My nemesis, 月, and how to overcome his evil ways

That doesnt really seem logical too me since 一ヶ月 has a number and uses げつ
The statement above was that only if there is a number kanji right in front of 月 it becomes がつ
So 正月 seems to be an exception of that rule

Hmm, It could just be an odd exception. I asked my husband and after thinking for awhile, he said “Whatever, I was just trying to be helpful to a beginner.” (aka he has no answer. :joy: )

But even so, I think it’s helpful that most things seem to follow the rule. Especially for doing reviews, I think it helps cut down on the guess work.


Thats true, its really helpful and kind of an eyeopener.
I guess no language is without its exceptions so remembering them is always part of the challenge


Wow, this seems right… and even if there are some exceptions to the rule, I feel like it’ll help a lot of us get our 月 readings right 90% of the time rather than the coin toss we newbies have probably been working with.



Realizations are important.

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I’ve personally always used the mnemonic that 「がつ」 is used when referring to something specific whereas 「げつ」 tends to crop up in relative terms.

「四月」uses the 「がつ」 reading because it’s referring specific month of April.
「四ヶ月」 uses the 「げつ」 reading because it’s referring to a relative period of 4 months.

This also works for 「正月」 because it’s referring to a specific period of the year.
Whereas 「月末」 refers to a point in time relative to the current month.

Again, this is probably riddled with exceptions, but it works for me.

I’m certain that I’m not the one who came up with this mnemonic, rather I think I came across it on these forums a few years back, but for the life of me I wouldn’t be able to tell you who originally posted it.


Whatever works for you is great - and if your way can help others too, that’s also awesome! This was just something my husband said off the top of his head that seemed to work well enough and would help me a lot with one of my biggest struggles, so I thought I’d share~

Your explanation is also really useful though and I’ll certainly be keeping it in mind, too. So thanks for sharing! :smiley:


I think that somewhere out there (probably 80/20 Japanese?), I remember seeing the advice that the がつ reading is basically used for the names of months, and げつ for pretty much everything else. Don’t know enough to guess how many exceptions there might be, though.

It’s a definitey good rule. That is definitely helpful to remember. Next can you have him explain oyaji gag? :joy:

As to the people claiming exceptions to her husband’s guidance, well of course there is. Just think of the English “rule” of “I before E except after C” which has quite a few exceptions (science, conscience, reign, etc.). Nothing in a natural language is without this.


This is so precious: both the story and the rule. Thank you so much!!!

If you ever happen to have others like this one. Please share with us!

(Also thank you because you remind me of a friend who married a Japanese guy and moved there. She happens to sound just like you when she writes. I haven’t have the opportunity to speak with her in a while and I miss her. So thank you for that, too. :slight_smile: )


Well “reign” isn’t an exception if you continue the rhyme :wink: (Or when sounding like “ay” as in “neighbor” or “weigh”)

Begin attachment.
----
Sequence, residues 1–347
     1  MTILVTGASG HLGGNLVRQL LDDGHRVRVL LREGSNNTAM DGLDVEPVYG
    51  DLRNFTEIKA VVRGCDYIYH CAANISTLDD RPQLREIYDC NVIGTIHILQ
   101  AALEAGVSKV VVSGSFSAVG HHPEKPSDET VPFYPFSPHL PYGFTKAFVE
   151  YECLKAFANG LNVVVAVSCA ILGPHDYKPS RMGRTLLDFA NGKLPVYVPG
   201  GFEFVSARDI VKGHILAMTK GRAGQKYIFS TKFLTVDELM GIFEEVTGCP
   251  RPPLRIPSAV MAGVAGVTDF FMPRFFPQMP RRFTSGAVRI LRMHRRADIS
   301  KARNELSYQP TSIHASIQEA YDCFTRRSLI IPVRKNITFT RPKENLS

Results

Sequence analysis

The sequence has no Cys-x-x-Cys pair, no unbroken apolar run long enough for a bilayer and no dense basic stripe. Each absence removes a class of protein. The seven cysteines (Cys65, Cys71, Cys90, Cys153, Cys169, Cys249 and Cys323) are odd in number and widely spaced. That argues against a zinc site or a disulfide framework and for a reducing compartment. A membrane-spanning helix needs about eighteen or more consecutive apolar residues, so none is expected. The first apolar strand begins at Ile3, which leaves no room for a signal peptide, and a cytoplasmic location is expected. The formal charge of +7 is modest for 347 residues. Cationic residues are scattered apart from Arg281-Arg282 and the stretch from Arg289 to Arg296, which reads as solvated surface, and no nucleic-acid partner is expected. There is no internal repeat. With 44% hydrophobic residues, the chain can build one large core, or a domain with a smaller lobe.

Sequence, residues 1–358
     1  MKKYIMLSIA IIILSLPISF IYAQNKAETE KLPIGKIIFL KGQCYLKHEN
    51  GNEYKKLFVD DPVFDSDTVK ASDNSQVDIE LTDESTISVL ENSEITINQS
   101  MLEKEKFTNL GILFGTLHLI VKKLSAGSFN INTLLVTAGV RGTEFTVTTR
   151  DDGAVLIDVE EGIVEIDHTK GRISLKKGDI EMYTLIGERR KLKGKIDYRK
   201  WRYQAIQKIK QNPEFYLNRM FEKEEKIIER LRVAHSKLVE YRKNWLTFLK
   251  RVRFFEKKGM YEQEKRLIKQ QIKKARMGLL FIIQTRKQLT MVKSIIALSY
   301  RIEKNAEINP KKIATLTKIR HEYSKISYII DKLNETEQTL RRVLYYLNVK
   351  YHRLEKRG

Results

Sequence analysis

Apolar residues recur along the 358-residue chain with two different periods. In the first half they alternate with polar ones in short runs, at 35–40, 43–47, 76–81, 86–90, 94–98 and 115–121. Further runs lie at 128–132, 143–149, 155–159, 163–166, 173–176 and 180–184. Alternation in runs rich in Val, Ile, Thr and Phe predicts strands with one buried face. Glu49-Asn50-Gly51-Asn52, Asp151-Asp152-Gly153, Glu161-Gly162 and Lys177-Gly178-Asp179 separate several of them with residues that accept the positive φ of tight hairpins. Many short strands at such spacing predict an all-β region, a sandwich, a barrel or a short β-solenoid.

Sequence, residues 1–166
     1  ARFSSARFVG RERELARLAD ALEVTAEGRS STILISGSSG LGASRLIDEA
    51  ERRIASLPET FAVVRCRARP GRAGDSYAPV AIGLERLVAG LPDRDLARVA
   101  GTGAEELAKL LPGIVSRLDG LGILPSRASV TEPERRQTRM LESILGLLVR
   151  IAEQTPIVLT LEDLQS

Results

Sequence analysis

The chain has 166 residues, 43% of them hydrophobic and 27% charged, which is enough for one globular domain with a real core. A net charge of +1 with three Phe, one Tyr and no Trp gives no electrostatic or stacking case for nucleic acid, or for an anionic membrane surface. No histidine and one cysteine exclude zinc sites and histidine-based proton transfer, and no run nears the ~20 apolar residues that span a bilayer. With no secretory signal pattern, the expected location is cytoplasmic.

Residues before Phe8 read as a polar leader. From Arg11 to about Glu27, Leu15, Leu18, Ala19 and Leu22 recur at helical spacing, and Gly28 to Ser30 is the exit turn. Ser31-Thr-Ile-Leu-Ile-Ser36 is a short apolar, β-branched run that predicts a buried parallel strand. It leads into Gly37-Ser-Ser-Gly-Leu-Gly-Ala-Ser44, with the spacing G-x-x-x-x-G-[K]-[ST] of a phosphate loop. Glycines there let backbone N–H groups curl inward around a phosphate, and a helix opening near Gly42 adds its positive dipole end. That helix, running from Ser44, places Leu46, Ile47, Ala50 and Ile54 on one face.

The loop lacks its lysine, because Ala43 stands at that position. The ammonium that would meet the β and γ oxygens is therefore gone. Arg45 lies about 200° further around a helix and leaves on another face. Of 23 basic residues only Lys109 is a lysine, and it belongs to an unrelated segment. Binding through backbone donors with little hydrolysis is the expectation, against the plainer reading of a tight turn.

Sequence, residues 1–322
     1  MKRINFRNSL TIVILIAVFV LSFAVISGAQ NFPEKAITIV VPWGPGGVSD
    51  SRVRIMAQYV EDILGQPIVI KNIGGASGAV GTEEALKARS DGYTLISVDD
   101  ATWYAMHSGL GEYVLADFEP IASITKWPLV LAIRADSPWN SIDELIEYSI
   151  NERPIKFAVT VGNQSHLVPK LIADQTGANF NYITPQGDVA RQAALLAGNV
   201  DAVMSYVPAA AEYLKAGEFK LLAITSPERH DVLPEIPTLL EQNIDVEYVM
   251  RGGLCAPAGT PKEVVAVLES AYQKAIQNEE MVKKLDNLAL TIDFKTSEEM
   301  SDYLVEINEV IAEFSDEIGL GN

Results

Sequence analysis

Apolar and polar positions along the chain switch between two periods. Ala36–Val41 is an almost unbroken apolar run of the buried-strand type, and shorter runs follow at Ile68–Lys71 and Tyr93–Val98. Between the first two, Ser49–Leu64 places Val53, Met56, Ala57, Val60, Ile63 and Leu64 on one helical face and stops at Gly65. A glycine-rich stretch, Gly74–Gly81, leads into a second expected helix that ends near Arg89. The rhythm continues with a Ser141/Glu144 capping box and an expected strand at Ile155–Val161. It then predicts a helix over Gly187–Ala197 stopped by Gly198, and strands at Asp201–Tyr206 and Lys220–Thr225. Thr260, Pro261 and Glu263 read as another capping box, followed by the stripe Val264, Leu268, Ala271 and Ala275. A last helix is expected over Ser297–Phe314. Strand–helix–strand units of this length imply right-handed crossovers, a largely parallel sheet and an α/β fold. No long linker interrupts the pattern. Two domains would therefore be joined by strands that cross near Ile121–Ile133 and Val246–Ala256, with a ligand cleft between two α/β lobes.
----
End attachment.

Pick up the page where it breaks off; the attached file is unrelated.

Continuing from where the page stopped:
But yeah, pretty sure that “rule of thumb” has way too many common exceptions to be useful. I never really got it.

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It’s generally useful as long as you know it’s limitations. Just like with Mikki’s husband’s rule of thumb.

You’re never going to find a perfect rule without exception in any natural language. Maybe Esperanto is free of such things?


Thank youuuuu!!! This is gonna help so much <<<33


Thank you!!


This is incredibly timely, as I just got 今月 as a vocab word. I was thinking “Hm, month names always seem to be number-がつ, so maybe everything else is げつ”. Awesome to have that confirmation!


Just a quick update, but I was able to benefit from this realization today. I had my review to move 毎月 from master to enlightened and I got it right with zero hesitation. :smiley:


I will definitely do so!
And aww, you’re welcome~ It seems lately that quite a few people have been telling me I remind them of another friend they have, haha. Anyway, I hope you catch up with her soon then! :slight_smile:

Yay!! I’m glad it could help you out! :relaxed:


I asked my Japanese teacher about this question: 人 = ジン , ニン.
At first she didn’t get what the problem was :slight_smile:
Then she googled and found some academic research on the question. The conclusion was that ニン implies an activity or an action or performance that the person does; whereas ジン implies a status or a characteristic of the person.
I’ve been testing it on my reviews since and it seems to be quite a good guide.


Yes, but as I mentioned above, this is only when it’s a true suffix. Like when we’re talking about putting 人 onto the end of アメリカ to make アメリカ人, or onto the end of 案内 to make 案内人. In those cases, you can apply the rules.

If the kanji is just part of a word that came directly from Chinese as is, and it wasn’t added as a suffix, then the reading is based on when it entered the language. With にん being older and じん being newer.

Coincidentally many of those “came as a compound” words will superficially fit the suffix rules, which is where people tend to take it a bit too far I think.